Album: Hell Awakening
Released date: September 1st, 2017
Genre: Thrash/Groove Metal
Label: Massacre Records
Garrisoned in Landeck, Tyrol, Austria; Silius is a five-piece thrash/groove metal act who had been around since 2013. I heard of the band just last year after their release of their debut studio album “Hell Awakening” under the banner of Massacre Records. Before I was able to get the chance and listen to the whole debut offering, I already heard and read a lot of positive reviews about the album. Having heard those positive remarks, I decided to check out “Hell Awakening” to personally witness the distinguished well-reputed quality of the album that all the other critics were talking about. But after a 40-minute spin of this material, I found out that it really isn’t that great as what other people had dubbed it to be.
Basically, the whole music in this release is just similar as to those modern thrash/groove metal groups that are flocking the metal scene these days. All but one area……the guitar part. I fucking dig the guitar fucking section on this record! Why, you ask? Well, it’s because the guitar riffs found in here are not just a simple Pantera worship riffing, as it has that heavier sound that is more in the vein of late 90s Overkill, Exodus, Testament, and even pre-Black album era Metallica. Yes, it has definite grooves present all over the place, but it escapes being just one-dimensional as it was also loaded with that more traditional fast-paced NWOBHM riffs which are juiced up to thrash metal intensity.
The thick and chugging tone of the guitars in this offering is a strong reminiscent of “Master of Puppets“. It was clearly the intention of Silius to pep up the guitar section with some immense and aggressive sound which is then in moments bring into a fast-paced assault of riffs to avoid the chance of causing the listeners to lose interest to the entire album. These catchy riffs are devised to get into the audiences head and make them forget about the other elements of the material which are really not even above the average when it comes to memorableness. There are also skillfully placed tempo shifts that help in building momentum to the tracks.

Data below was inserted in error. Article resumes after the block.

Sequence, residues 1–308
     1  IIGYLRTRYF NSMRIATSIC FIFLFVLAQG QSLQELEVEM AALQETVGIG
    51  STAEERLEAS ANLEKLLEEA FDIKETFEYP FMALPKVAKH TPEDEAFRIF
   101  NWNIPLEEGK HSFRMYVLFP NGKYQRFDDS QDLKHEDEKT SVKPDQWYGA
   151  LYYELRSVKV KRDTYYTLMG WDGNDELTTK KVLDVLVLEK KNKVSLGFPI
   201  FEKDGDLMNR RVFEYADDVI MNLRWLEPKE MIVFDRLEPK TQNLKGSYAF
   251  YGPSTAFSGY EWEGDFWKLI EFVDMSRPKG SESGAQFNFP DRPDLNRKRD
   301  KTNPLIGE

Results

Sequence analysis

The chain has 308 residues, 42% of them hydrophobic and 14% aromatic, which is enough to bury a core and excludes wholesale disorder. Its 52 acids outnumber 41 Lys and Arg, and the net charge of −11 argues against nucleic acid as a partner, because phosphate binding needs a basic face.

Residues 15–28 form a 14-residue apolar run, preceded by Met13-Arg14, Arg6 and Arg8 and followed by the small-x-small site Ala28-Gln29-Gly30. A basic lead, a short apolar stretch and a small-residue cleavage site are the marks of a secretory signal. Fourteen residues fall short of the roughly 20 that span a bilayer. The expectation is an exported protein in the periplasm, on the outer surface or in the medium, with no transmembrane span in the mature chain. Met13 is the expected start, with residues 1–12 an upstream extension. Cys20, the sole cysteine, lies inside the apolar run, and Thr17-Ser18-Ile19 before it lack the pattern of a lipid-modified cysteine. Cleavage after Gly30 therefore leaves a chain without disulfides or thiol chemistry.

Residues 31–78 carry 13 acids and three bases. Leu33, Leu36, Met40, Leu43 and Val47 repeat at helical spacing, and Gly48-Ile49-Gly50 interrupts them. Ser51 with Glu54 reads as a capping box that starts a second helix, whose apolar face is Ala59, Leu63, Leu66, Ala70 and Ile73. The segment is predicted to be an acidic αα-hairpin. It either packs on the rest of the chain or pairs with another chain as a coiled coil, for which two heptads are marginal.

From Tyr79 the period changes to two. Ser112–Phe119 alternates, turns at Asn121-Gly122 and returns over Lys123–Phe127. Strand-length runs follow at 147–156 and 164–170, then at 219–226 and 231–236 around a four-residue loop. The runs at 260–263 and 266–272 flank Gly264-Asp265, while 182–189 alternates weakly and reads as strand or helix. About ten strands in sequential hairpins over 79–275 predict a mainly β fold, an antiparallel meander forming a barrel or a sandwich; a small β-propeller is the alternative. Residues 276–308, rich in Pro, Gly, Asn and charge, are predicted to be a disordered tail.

So what about the other instruments and the other modules of “Hell Awakening“? Well, it’s just a bag of lackluster and forgetful departments of drum battering, bass rendering, and vocal delivery. There is no presence of the bass in here. And by that, I mean that the bass is inaudible even when they really have a bassist in the band. Bass tone is a pretty low end and it is not exposed in the mix. For the drum part, it coordinates well with the grooves but it just doesn’t punch as hard as those fiery hammering and pummeling that you expect from a thrash metal record.
Another thing that ruined this offering is the nonassertive and unbelligerent vocal conveyance of the group’s frontman. The dude is clearly trying too hard to achieve something distinctive to his style, but he just can’t get a grip of it. Perhaps if he did not overdo and stayed on a more simpler yet in-your-face haulage he would have made a more decent vocal performance. Now, with all that said, I really did not get why a lot of people had praised this material more than it should be. I mean, the only thing that really saved this release from total chaos is the guitar department with the presence of its strapping and above average two-fisted riff blitz.
While the one redeeming factor had turned this annoying and boring overall output into a rather enjoyable 40-minute material, it still isn’t enough to completely impress the listeners and leave a mark on the genre. I do not recommend this if you are looking for something catchy and memorable, but if you are up to a run-of-the-mill modern groove-laden thrash music, then feel free to purchase this album. This may not be an offering that can be called as the best example of the music in their genre, but despite everything, I still see Silius improving in future releases.